Is smart beta replacing active management?
NEW ORLEANS - As active management declines and smart beta, or factor investing, becomes an increasingly attractive passive investment option for investors, it's more important than ever for financial advisors to carefully weigh the strategy's pros and cons.
Passive investing has reached "critical mass," with $6.7 trillion in assets at the end of 2017, or 37% of total assets under management in the U.S., says Michael Pajak, investment analyst at Envestnet.
Speaking at a session on active versus passive investing at the company's annual conference, Pajak noted that passive investment's share of the market is expected to reach 50% by 2023 and will grow to 68% by 2030, according to Moody's Investor Service.
"I don't see a trend back into active management," says Michael Hunstad, director of quantitative strategies for Northern Trust Asset Management, speaking at the conference. "A lot of active managers will say goodbye in the next 10 years."
A Moody's Investors Service report on the rise of the passive market predicted that the "next battleground for investor dollars [will] be in smart beta and multifactor funds, which will undercut traditional active products and offer similar potential expected return profiles."
A strong proponent of factor investing, Hunstad argues that "a lot of excess return [generated by active management] has been the result of factor exposure. It's hard to prove that active performance has not been the result of factors."
Those factors include size, value, momentum, low volatility, quality and dividend yield. "The great thing about factor investing is that you split the equity risk into pieces," he says.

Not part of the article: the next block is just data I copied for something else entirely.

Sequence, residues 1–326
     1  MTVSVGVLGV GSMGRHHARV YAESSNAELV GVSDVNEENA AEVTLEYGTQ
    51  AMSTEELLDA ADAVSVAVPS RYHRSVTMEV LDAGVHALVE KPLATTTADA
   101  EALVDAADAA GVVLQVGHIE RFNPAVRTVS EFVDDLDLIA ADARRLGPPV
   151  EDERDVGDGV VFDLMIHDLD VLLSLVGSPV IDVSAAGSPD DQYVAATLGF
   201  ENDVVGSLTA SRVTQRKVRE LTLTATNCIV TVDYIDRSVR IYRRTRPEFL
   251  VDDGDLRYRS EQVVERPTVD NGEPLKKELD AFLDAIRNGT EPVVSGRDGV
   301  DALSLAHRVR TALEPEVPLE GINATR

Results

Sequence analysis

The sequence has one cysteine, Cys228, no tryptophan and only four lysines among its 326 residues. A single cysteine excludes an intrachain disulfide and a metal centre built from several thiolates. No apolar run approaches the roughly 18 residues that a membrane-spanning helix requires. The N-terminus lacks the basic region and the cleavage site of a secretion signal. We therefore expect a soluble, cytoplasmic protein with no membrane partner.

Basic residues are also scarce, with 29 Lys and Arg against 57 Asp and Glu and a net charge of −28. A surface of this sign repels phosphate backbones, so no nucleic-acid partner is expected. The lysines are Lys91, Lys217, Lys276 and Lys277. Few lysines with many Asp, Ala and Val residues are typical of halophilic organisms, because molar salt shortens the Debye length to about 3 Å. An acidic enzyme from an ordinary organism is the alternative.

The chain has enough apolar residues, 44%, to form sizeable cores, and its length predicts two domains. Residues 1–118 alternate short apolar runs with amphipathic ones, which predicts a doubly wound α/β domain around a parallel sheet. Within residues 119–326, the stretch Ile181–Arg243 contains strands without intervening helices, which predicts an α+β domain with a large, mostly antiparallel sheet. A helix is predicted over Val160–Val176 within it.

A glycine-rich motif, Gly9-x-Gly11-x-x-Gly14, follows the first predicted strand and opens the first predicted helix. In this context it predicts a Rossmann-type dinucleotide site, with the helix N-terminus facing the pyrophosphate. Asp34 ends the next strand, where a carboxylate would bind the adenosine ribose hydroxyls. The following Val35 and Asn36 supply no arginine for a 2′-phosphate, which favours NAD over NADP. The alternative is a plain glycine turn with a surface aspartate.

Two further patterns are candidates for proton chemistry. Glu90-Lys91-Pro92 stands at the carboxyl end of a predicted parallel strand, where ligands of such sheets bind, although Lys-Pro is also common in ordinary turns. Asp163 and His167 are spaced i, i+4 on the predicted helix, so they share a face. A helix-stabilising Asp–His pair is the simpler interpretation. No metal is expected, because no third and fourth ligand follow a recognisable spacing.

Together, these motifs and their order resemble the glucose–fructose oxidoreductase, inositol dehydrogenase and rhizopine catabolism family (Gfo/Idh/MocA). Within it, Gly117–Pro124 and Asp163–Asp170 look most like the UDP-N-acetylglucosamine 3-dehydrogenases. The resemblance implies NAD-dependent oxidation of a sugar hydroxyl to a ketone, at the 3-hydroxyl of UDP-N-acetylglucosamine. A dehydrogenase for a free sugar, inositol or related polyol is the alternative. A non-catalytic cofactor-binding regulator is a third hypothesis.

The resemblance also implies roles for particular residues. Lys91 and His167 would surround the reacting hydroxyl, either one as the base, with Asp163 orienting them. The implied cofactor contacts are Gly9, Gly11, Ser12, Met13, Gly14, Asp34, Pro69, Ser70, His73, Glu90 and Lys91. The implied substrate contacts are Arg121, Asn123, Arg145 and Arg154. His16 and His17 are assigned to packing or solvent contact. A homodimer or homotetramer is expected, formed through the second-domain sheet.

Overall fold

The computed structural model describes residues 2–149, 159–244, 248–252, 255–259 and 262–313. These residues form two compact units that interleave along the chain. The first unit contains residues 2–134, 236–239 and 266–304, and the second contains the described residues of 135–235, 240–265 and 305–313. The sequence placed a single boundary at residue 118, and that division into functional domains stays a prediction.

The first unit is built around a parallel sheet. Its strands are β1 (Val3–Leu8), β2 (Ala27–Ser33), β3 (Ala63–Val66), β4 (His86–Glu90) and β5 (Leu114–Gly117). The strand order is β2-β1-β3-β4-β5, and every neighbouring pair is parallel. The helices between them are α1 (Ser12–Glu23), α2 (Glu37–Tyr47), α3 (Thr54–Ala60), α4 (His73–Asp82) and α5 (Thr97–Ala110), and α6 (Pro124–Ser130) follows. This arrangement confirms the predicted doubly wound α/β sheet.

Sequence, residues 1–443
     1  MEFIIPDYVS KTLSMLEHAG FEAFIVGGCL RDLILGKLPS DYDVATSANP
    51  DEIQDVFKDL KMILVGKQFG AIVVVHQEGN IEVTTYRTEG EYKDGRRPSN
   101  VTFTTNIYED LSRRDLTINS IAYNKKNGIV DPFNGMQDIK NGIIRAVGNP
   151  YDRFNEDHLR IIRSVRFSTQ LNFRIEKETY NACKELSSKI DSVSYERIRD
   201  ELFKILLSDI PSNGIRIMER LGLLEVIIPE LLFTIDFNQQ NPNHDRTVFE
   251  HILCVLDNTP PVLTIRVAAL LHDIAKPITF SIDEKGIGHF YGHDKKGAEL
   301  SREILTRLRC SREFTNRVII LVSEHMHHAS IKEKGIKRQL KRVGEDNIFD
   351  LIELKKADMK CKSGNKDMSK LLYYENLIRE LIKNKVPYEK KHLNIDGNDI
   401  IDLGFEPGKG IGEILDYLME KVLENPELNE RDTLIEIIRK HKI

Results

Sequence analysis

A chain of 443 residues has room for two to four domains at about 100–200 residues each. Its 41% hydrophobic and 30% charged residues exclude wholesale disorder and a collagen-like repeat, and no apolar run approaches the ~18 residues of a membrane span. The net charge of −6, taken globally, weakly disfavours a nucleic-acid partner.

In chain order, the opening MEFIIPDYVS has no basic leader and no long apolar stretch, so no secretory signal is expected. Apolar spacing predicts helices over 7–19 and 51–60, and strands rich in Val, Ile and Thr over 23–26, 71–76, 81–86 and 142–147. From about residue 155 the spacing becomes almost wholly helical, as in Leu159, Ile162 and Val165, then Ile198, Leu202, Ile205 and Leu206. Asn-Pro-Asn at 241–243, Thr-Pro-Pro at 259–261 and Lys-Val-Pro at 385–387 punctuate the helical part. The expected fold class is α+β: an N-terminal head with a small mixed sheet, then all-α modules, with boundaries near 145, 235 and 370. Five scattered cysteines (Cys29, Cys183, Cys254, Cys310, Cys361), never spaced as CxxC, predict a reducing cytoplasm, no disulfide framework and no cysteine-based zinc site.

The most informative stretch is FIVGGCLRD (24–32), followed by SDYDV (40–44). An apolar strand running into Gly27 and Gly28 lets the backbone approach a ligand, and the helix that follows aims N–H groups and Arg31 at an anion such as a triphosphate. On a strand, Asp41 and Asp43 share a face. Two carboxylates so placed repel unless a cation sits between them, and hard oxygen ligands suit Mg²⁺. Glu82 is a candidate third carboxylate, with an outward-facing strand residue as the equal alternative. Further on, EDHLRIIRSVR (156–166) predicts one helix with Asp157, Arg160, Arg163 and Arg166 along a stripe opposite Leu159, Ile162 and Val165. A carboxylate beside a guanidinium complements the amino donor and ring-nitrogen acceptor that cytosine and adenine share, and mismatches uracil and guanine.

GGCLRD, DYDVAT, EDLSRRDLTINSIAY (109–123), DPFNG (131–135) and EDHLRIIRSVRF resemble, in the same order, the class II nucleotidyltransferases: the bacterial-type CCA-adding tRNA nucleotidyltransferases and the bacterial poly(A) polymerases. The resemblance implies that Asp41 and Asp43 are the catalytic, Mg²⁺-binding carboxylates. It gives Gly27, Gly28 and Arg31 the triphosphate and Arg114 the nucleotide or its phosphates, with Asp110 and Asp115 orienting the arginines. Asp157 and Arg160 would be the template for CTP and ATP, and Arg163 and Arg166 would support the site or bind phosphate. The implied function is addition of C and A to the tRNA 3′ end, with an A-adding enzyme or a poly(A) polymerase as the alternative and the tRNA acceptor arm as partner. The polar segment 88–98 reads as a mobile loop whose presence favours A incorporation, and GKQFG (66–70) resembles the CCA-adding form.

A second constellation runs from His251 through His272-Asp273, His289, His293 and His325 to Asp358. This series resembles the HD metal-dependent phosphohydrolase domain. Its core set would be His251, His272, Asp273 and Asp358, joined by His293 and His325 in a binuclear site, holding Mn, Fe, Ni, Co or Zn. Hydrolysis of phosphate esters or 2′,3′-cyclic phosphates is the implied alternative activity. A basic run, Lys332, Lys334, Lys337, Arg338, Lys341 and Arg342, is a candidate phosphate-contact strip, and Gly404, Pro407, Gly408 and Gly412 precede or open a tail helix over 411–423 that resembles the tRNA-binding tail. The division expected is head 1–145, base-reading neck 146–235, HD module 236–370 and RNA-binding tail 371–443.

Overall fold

Factor investing should be considered the "third leg" of an investment strategy, Hunstad argues, straddling active stock selection and index-based passive investments.
The biggest advantage of using factors, he maintained, is generating "excess returns without the high cost of traditional active management."
In an interview, Daniel Kern, chief investment officer for TFC Financial Management, agreed.
"A well-managed factor strategy can enhance portfolio returns, while keeping portfolio costs relatively low," Kern says. "In a low return world, costs can really make a difference."
"It's hard to prove that active performance has not been the result of factors," says Northern Trust's Michael Hunstad.
For Kendrick Wakemen, CEO of investment analytics platform FinMason, "the biggest advantage of smart beta is the ability to provide investors with greater control of the portfolio construction process. Specifically, the ability to better control diversification and align the portfolio more closely with an investor’s goals and outlook."
But investment professionals are quick to caution that advisors and investors also need to approach factor investing with caution.
"There are a lot of bad products out there," says Hunstad. "That means you can get a lot of unintended risk."
In addition, some factors are highly cyclical, and can be out of favor for extended periods of time, says Kern.
For example, value stocks were out of favor for much of the 1990s and relying on a single factor can create unintended risks, he notes.
"There is research that indicates that the size factor of investing in small company stocks is more effective when combined with the quality or profitability factor," Kern says. " The intuitive explanation is that having small company stocks without a quality or profitability screen can lead to a portfolio with 'bad' factors such as excessive leverage and low quality. It’s somewhat akin to having a diet with too much cholesterol."
A factor such as momentum can be expensive and tax inefficient, Kern adds. Nor should portfolio construction be overlooked, he says.
"I’m inherently skeptical of factor strategies that allow for too much concentration in a sector or industry," Kern points out. "Some low volatility and high dividend strategies end up overly concentrated in a limited number of sectors, creating unnecessary risk."
Another drawback of smart beta, says Wakeman, "is that some investors might think that the strategies are actually smart. The funds are not smart from the standpoint that they will always do well, or even well at all. It is just a different way of building a fund that gives investors more flexibility. It’s still up to the investor to make the right bets, which may or may not payoff."
In the long run Kern expects factor investing to "stand the test of time. But forward return premiums are likely to be somewhat lower than historical premiums."